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With new group, Meltzer works for urban renewal.

The very first time Private First Class Marvin H. Meltzer laid eyes on the gleaming towers of Lower Manhattan, he knew he was here to stay.

The year was 1962 and the young Meltzer had a view to envy. Already holding a Bachelor of Architecture degree from the University of Minnesota, he worked assisting the Corps of Engineers in designing fallout shelters on a since-shuttered army base on Governors Island, a small bump in New York Harbor 1/2 mile off the Battery that offers some of the best views of downtown's chiseled skyline. When time permitted, he'd actually come into Manhattan and have a look around.

"It was, and is, a magical place to be," Meltzer said recently before a meeting on one of his many new projects. "In New York you have the most brilliant people in the world trying to make things happen. Often things no one else has tried before."

Stricken though he was, Meltzer noticed more than just the gleam of the Woolworth Building, 40 Wall Street and other seminal downtown towers as he looked across from his base. Below these, he saw a waterfront that had begun to rot.

"It was pretty much all piers then and a lot of them were run down and a lot of places were starting to look abandoned," Meltzer said. "Very little if any was for recreational use. It was all pretty crappy. The west side highway wasn't there yet, or Battery Park City or the [World Trade Center] towers."

Once out of the army, Meltzer set up shop in Manhattan as an architect. In the 1970s, he found the only way he'd get to build the buildings he wanted to build was to become a developer. He worked in this capacity until the late 1980s when the market went soft. In the 1990s, he turned his attention to building housing for nonprofits in previously written-off neighborhoods such as Harlem and the South Bronx. In 1995, he partnered with fellow architect and sometime collaborator David Mandl, forming Meltzer/Mandl Architects, P.C., a firm that has risen to prominence in the New York scene.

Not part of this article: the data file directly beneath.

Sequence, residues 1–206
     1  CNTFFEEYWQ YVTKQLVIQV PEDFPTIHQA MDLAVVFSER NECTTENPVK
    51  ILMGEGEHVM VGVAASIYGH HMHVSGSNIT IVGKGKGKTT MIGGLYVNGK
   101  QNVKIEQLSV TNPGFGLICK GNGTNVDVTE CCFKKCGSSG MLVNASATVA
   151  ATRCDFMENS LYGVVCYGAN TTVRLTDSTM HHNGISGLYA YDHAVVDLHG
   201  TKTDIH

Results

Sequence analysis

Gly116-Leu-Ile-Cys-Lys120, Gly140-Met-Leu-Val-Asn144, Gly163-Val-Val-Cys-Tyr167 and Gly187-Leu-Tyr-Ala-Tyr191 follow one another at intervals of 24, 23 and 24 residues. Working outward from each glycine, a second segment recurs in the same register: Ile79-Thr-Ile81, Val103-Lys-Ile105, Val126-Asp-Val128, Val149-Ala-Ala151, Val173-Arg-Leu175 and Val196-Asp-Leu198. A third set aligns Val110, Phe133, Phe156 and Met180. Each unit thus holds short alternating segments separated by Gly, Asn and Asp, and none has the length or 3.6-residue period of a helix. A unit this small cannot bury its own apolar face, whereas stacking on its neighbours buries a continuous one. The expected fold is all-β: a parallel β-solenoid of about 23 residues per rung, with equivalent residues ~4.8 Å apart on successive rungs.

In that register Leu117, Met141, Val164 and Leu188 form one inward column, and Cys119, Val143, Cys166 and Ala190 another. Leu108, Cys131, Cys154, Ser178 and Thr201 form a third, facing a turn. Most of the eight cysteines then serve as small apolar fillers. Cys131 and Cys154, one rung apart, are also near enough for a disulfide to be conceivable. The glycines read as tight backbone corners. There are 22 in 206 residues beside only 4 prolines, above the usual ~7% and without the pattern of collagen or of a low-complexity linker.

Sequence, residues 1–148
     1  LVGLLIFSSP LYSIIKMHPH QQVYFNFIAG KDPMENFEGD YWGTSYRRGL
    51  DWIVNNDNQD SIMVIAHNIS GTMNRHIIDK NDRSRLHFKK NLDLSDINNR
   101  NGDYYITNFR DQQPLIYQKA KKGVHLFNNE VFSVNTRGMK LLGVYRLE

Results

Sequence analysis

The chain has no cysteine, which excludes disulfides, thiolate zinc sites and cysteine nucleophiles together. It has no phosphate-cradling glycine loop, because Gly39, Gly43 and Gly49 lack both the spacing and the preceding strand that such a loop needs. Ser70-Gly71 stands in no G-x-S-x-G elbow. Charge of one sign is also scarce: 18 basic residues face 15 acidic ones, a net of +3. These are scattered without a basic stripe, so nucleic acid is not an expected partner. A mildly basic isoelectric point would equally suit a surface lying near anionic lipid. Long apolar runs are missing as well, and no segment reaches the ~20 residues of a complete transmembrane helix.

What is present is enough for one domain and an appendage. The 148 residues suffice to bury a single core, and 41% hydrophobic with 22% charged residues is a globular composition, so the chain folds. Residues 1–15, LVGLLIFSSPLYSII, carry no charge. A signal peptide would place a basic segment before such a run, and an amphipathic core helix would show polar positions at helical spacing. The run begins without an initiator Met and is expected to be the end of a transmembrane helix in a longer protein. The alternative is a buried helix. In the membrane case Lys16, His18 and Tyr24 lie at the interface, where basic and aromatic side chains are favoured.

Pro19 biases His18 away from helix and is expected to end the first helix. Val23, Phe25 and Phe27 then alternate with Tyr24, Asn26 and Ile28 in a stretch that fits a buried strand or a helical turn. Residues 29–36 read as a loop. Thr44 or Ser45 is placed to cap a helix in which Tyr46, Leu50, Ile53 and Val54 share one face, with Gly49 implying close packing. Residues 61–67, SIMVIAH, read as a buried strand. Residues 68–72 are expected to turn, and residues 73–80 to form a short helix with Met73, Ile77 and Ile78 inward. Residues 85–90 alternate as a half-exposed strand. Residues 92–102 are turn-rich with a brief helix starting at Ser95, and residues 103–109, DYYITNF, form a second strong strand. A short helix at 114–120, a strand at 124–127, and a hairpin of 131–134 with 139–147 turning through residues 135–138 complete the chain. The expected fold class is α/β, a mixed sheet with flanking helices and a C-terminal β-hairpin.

While Meltzer was out making his name, the waterfront continued in its decline. Shipping traffic to Manhattan and large swathes of Brooklyn and Queens all but ceased. Peers once teaming with commerce had their decks pulled up and sold for scrap, or simply slumped, rotted and then fell into brown river water below.

Today, Meltzer is once again considering New York's waterfront. He, along with David Mandl, recently partnered with principles from Ehrenkrantz Eckstut & Kuhn Architects (EEK), a firm known for site planning, to form EEK Residential.

EEK Residential focuses on large-scale redevelopment in what are often troubled areas. With Metro New York's population expanding, and with city and state officials eager to reclaim land along the region's long-dormant waterfront, 10-month-old EEK Residential is already involved in several redevelopment plans along the Hudson River.

"We have projects up in Yonkers and Peekskill and over in Coney Island," Meltzer said. "And we're looking at sites in Queens and further out on Long Island."

Meltzer said he, Mandl and the principles from EEK formed EEK Residential to be the go-to firm for large-scale redevelopment in the area.

"EEK is known for their planning work. They're really the firm to go to," Meltzer said. "As for us, [Meltzer Mandl] has a long history of building successful residential projects, even those with tight budgets."

Meltzer says he sees no shortage of work for either of his firms in a city determined to grow.

"In the years I've been here, what I've seen is the city always expanding," he said. "You will never ever satisfy the need for housing in New York City. The only thing that slows it is interest rates. But in terms of actual need: you'll never ever fulfill the need for housing here ... The borough of Manhattan has now packed residential development in every corner. It's unheard of [in other cities]."

The way he and many others see it, coming development along the region's waterfront will be the most significant change in operation the city has seen in many years.

"It's interesting how waterfront shave evolved over history. At one time, it was the least desirable place to be and now it is the most desirable," he said. "I was down by Battery Park a few days ago. I remember it when it was all trash ... Finally, New York can have a great waterfront to rival that of other great cities."
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Author:Moran, Tim
Publication:Real Estate Weekly
Date:Aug 2, 2006
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